Picture of industrial chimneys polluting horizon

Open Access research shaping international environmental governance...

Strathprints makes available scholarly Open Access content exploring environmental law and governance, in particular the work of the Strathclyde Centre for Environmental Law & Governance (SCELG) based within the School of Law.

SCELG aims to improve understanding of the trends, challenges and potential solutions across different interconnected areas of environmental law, including capacity-building for sustainable management of biodiversity, oceans, lands and freshwater, as well as for the fight against climate change. The intersection of international, regional, national and local levels of environmental governance, including the customary laws of indigenous peoples and local communities, and legal developments by private actors, is also a signifcant research specialism.

Explore Open Access research by SCELG or the School of Law. Or explore all of Strathclyde's Open Access research...

Optimised cross-slot microdevices for homogeneous extension

Galindo-Rosales, Francisco J and Oliveira, Monica and Alves, M.A. (2014) Optimised cross-slot microdevices for homogeneous extension. RSC Advances, 4 (15). pp. 7799-7804. ISSN 2046-2069

[img] PDF (Oliveira-etal-RSCAdv-2014-Optimized-cross-slot-microdevices-for-homogeneous-extension-2014)
Oliveira_etal_RSCAdv_2014_Optimized_cross_slot_microdevices_for_homogeneous_extension_2014.pdf
Accepted Author Manuscript

Download (3MB)

Abstract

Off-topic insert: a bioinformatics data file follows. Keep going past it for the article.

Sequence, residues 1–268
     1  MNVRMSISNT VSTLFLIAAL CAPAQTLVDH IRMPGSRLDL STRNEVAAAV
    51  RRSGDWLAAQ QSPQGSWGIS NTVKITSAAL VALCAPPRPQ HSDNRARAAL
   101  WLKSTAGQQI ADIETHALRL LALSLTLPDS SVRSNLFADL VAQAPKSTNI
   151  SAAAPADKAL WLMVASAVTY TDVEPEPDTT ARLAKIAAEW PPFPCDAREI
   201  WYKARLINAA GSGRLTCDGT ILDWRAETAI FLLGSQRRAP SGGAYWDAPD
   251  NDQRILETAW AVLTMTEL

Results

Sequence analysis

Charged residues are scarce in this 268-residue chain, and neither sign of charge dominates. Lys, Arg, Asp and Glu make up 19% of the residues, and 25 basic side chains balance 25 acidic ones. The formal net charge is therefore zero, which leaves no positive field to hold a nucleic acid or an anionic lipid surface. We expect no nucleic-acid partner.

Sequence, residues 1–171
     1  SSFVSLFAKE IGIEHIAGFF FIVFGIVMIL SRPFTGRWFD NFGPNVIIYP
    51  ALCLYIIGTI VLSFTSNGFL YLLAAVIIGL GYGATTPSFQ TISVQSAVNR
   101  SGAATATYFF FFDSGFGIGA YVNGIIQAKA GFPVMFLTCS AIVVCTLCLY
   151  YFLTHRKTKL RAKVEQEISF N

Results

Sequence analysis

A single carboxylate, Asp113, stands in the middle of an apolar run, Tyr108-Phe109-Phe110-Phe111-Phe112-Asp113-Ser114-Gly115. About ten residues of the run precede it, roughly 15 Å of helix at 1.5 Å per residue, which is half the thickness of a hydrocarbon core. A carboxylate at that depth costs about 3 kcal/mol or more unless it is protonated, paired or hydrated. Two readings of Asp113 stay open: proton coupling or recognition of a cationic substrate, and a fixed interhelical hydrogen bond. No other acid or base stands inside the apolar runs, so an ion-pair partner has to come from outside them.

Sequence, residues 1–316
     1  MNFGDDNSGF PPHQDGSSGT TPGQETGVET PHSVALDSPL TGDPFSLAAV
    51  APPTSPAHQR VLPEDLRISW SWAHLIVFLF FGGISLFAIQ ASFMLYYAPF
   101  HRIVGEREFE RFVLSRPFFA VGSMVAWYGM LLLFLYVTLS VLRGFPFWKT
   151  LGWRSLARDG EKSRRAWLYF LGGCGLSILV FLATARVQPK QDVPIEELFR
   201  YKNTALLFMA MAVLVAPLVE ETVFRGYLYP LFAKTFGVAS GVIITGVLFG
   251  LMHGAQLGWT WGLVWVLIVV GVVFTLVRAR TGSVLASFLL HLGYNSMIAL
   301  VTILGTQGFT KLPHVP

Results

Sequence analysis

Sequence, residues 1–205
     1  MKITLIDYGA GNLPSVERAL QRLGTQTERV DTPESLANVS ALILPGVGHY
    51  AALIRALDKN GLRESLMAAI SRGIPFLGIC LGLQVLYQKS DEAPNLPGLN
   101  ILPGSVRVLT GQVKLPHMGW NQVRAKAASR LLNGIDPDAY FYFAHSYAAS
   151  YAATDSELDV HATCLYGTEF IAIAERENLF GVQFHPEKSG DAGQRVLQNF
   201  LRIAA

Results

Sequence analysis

Microfluidic cross-slot devices can generate wide regions of vorticity-free strong extensional flow near the stagnation point, resulting in large extensional deformation and orientation of the microstructure of complex fluids, with possible applications in extensional rheometry and hydrodynamic stretching of single cells or molecules. Standard cross-slot devices, with sharp or rounded corners, generate a flow field with a non-homogeneous extension rate that peaks at the stagnation point, but decays significantly with distance from the stagnation point. To circumvent this limitation, an optimized shape cross-slot extensional rheometer (OSCER) was designed numerically and shown to generate constant extension rate over a wide region of the in- and out-flowing symmetry planes [Haward et al., Phys. Rev. Lett., 2012, 109, 128301]. Since the OSCER device was based on a 2D flow approximation, the practical implementation requires a large aspect ratio, which cannot be reproduced by standard soft-lithography techniques. Here, we propose a set of new designs for optimized cross-slot geometries, considering aspect ratios of order 1 and different lengths of the homogeneous inlet/outlet-flow regions. Micro-particle image velocimetry experiments were carried out in order to validate the flow kinematics, and the velocity profiles were found to be linear along the in- and outflow centrelines in good quantitative agreement with the numerical predictions.